You need to understand what a debt collector CAN and CANNOT DO!
Make no mistake, it is a scary time when someone knocks on your door and says something like, "Are you....You've been served!"
Sometimes, the delivery person is a police officer and that even makes it worse!
Someone has said that FEAR is:
- Evidence, that
So true! We often get "freaked-out" because we think something is what is not.
Let me try and help you get over the fear of receiving a summons!
I/we've been helping people with DEBT, basically UNSECURED DEBTS, for many years.
When you have too much debt to keep up with the payments due, they may be charged off by the original creditor or placed with a collection agency in an effort to collect on the delinquent debt.
If you've ever been in that situation, you know that you get letters and calls and calls and calls. By the way...hears how to put a stop to collection calls:
If the collector cannot get you to pay the debt, they may decide to FILE A COMPLAINT. This is a legal technique whereby an attorney, licensed in your state, is hired by the debt collector or creditor to file an official complaint with your county court.
Next, you will receive a SUMMONS. And this is when it gets scary!
We're located in Portland, Oregon and in the County of Multnomah. A client recently sent us a SUMMONS and this is what it said (you can understand why they were upset!):
"YOU ARE HEREBY required to appear and defend the complaint filed against you in the above-entitled action within thirty (30) days from the date of service of this summons to you. In case of your failure to do so, for want thereof, Plaintiff will apply to court for the relief demanded in the complaint."
"You must "appear" in this case or the other side will win automatically. To "appear" you must file with the court a legal paper called a "motion" or "answer". The"motion" or "answer" must be given to the court clerk or administrator within 30 days along with the required filing fee. It must be in the proper form and have proof of service on the Plaintiff's attorney or, if the Plaintiff does not have an attorney, proof of service on the Plaintiff. If you have any questions, you should see an attorney immediately."
WOW, NO WONDER PEOPLE GET SCARRED!!!
OK, let's calm down and look closely at the SUMMONS.
First, in the case of UNSECURED DEBTS (Credit cards, medical bills, personal loans, Store Cards, private student loans, etc.), the Plaintiff (this is the creditor or who you owe the money to) cannot:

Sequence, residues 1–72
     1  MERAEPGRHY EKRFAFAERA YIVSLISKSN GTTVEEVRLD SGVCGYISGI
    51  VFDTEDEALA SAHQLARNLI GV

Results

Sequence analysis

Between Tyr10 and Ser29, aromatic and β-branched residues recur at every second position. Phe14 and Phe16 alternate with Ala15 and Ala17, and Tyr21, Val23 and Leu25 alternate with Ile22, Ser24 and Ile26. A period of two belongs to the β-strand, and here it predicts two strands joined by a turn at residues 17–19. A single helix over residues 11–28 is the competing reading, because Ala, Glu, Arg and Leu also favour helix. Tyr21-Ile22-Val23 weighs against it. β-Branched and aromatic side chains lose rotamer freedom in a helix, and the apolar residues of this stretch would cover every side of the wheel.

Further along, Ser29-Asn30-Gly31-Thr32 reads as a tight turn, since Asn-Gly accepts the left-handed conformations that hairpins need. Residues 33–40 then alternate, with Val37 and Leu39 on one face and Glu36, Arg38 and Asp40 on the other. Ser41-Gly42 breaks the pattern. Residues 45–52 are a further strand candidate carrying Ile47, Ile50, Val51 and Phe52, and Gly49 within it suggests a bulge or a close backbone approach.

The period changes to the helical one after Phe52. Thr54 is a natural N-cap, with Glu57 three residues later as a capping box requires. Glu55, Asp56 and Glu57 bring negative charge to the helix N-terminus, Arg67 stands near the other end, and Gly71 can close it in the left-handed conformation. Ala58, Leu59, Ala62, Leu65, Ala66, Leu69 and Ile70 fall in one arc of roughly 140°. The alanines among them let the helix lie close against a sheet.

- Put you in jail
- Take other belongings
- Cause you any harm, etc.
In fact, there are limits and protection for consumers by the Fair Debt Collection Practices Act that you should be aware of.
Next, the SUMMONS seems to say that you are going to have to GO TO COURT!
NO IT DOESN'T! (Remember, FEAR...False Evidence that Appears Real?)
If you don't believe you owe the DEBT=CLAIM, then you must file an "Answer", which not only costs (about $165 last I heard in Multnomah County) but it must be in the proper, legal format which may require an attorney to prepare...more costs!
BUT, since you owe the debt (not the time to talk about the outrageous fees and interest tacked on), then you won't be filing an ANSWER.
SO NOW WHAT???
You should contact the attorney for the Plaintiff (creditor) and try to work out a repayment plan.
If you are employed (receive W-2 income), then you are not going to have very much leverage at this point. But, you should be able to negotiate a reduced settlement (if you have a large sum of funds to offer) or a repayment plan of the entire debt balance.
If the Plaintiff is awarded a judgment (which most likely they will win), then they can file a WRIT OF GARNISHMENT and your employer would have no choice but to deduct 25% of your net income (most states) and send it to the Plaintiff until the entire balance is paid!
Think about that for a minute. Let's say that you usual bring home pay (after taxes are withheld) is $2,500/month. At 25%, that's an additional $625 per month that would be deducted, leaving you with only $1875 to pay bills! Ouch!
Remember when you ignored those letters and calls? Well, this is one of the results that can happen. It is always better to try and negotiate with the creditor or collection agency than let the account go to this.
If you are self employed, you may have a little more leverage in that your "salary" may be low enough (if you are using a good accountant) to be exempt from garnishment. To see what this exemption amount is, check with your state's attorney general's website.
In Oregon, go to: State of Oregon Garnishment Forms.
If you are retired and are living solely on Retirement or Social Security, then those funds are protected from Garnishment or even a Bank Levy.
If you are SELF EMPLOYED or RETIRED, or receiving only DISABILITY INCOME, you should be able to negotiate a pretty decent settlement at 50% or less of the balance.
We've prepared a very good booklet that will explain how Debt Settlement can work:
OK, I hope you are starting to understand that just because you receive a SUMMONS, you are still going to be OK, BUT YOU HAVE TO TAKE ACTION...AND I MEAN IMMEDIATELY!!!
If you are not sure you can deal with debt collectors or the attorney for the Plaintiff, we can help:
Photo credit: Kevin B3 at www.milwaukieemakerspace.org/2012/fear/